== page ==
Military news outlets and even the mainstream media have picked up on worries that the USA can’t reliably defend against the latest missiles being developed by Russia. President Putin recently boasted that Russia is working on long-range cruise missiles and hypersonic ballistic missile warheads that will be able to either sneak or race past the USA’s missile defenses.
Putin’s probably right that his new weapons can’t be stopped by current technology, but that doesn’t really matter. The USA has never depended on stopping a Russian nuclear attack anyway; the real defense is the threat of a devastating response from US nuclear forces. Ballistic missile defense is more aimed at rogue states or terror groups that might launch one or two missiles.
What’s really worrying isn’t the USA’s inability to shoot down some Russian ICBMs; it’s the US Army’s fading ability to shoot down enemy aircraft. A few days ago I saw a statement by Senator Roger Wicker, the chair of the Senate Armed Services Committee, in which he said that US ground forces hadn’t faced an enemy air attack since the Korean War. I wondered if there might be a bit of complacency sneaking in there – and when I checked on the air defense systems currently fielded by the US Army and USMC, I decided there probably is.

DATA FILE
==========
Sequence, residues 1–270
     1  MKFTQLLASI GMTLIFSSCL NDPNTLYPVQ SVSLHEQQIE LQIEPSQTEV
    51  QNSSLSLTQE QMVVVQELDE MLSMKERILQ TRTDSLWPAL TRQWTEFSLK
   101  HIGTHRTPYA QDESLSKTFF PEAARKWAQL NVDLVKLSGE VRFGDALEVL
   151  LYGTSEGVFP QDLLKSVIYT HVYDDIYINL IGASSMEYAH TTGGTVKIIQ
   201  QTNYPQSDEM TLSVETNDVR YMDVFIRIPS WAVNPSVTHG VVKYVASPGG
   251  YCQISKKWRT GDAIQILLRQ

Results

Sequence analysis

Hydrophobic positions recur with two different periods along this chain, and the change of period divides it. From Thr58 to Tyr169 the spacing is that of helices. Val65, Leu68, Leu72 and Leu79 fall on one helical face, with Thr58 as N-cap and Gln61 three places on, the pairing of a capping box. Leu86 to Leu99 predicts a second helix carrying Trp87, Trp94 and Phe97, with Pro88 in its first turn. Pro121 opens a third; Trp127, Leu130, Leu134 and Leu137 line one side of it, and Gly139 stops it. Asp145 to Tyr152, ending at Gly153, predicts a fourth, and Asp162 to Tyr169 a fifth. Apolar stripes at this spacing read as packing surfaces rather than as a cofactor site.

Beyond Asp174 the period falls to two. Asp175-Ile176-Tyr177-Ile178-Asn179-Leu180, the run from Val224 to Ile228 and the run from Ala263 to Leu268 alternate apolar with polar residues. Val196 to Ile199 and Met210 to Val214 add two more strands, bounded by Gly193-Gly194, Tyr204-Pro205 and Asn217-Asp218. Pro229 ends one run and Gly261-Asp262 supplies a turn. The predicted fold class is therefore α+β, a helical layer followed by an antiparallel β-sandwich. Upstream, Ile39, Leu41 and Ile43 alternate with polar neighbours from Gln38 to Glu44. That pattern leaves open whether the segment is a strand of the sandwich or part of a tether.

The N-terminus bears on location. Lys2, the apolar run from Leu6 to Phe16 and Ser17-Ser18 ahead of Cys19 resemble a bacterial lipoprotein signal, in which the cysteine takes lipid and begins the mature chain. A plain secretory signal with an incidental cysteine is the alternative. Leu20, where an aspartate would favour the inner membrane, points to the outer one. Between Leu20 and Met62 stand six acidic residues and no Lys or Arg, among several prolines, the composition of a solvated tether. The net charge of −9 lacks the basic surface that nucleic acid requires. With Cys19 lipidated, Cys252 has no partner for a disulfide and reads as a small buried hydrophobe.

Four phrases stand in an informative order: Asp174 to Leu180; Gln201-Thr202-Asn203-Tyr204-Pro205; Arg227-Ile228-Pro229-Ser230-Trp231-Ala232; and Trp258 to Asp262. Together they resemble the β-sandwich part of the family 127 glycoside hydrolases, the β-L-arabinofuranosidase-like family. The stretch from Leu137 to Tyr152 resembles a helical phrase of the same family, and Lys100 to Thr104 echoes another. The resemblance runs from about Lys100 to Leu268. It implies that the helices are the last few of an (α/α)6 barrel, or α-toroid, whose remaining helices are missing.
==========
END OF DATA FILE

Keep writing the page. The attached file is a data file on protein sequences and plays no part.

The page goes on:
Not that long ago the US Army had a wide range of air defense systems. Point defense was covered by the Stinger MANPADS system and the M163 Vulcan gun system. The Sidewinder-based MIM-72 Chaparral had a longer range than the Stinger, and the MIM-23 Hawk provided medium-range coverage out to around 30 miles. Finally, the Patriot system was used for long-range air defense to around 100 miles, and since the late 1980s has also taken on the ballistic missile defense role.
The problem is that most of these systems are gone now, and they haven’t been replaced. Stinger is still around, and the current versions are a lot more capable than the 1980s models, but its range is still limited to about five miles. The M163 guns were all scrapped or sold off by 1994; the US Army’s Hawk launchers went the same year, and the Marines lost theirs in 2002. The last Chaparral units stood down in 1998. Now there’s only Stinger, and Patriot left to provide air defense to US ground units, and the latest Patriot variants are highly optimized for anti-missile work; they’re not actually that good at shooting down aircraft.
Most of the USA’s major allies are in the same situation. The UK is now down to two air defense systems – Starstreak HVM, which is extremely lethal but only reaches out 4.3 miles, and Rapier FSC, with a five-mile range. If an enemy aircraft has missiles with a 5.1-mile range, it can attack with impunity. Germany, like the USA, has Stinger and Patriot with nothing in between.
France only has the Mistral, an aging MANPADS with a 3.6-mile range.
None of this matters much if the enemy either doesn’t have an air force or the one it has can be obliterated on the first night of the war. If they can keep flying, however, the ability of western ground forces to defend themselves is looking pretty doubtful. That could be costly in a large-scale war, so it’s probably time to look at rebuilding the ground forces’ air defense capabilities.
Disclaimer: The content in this article is the opinion of the writer and does not necessarily reflect the policies or opinions of US Patriot Tactical.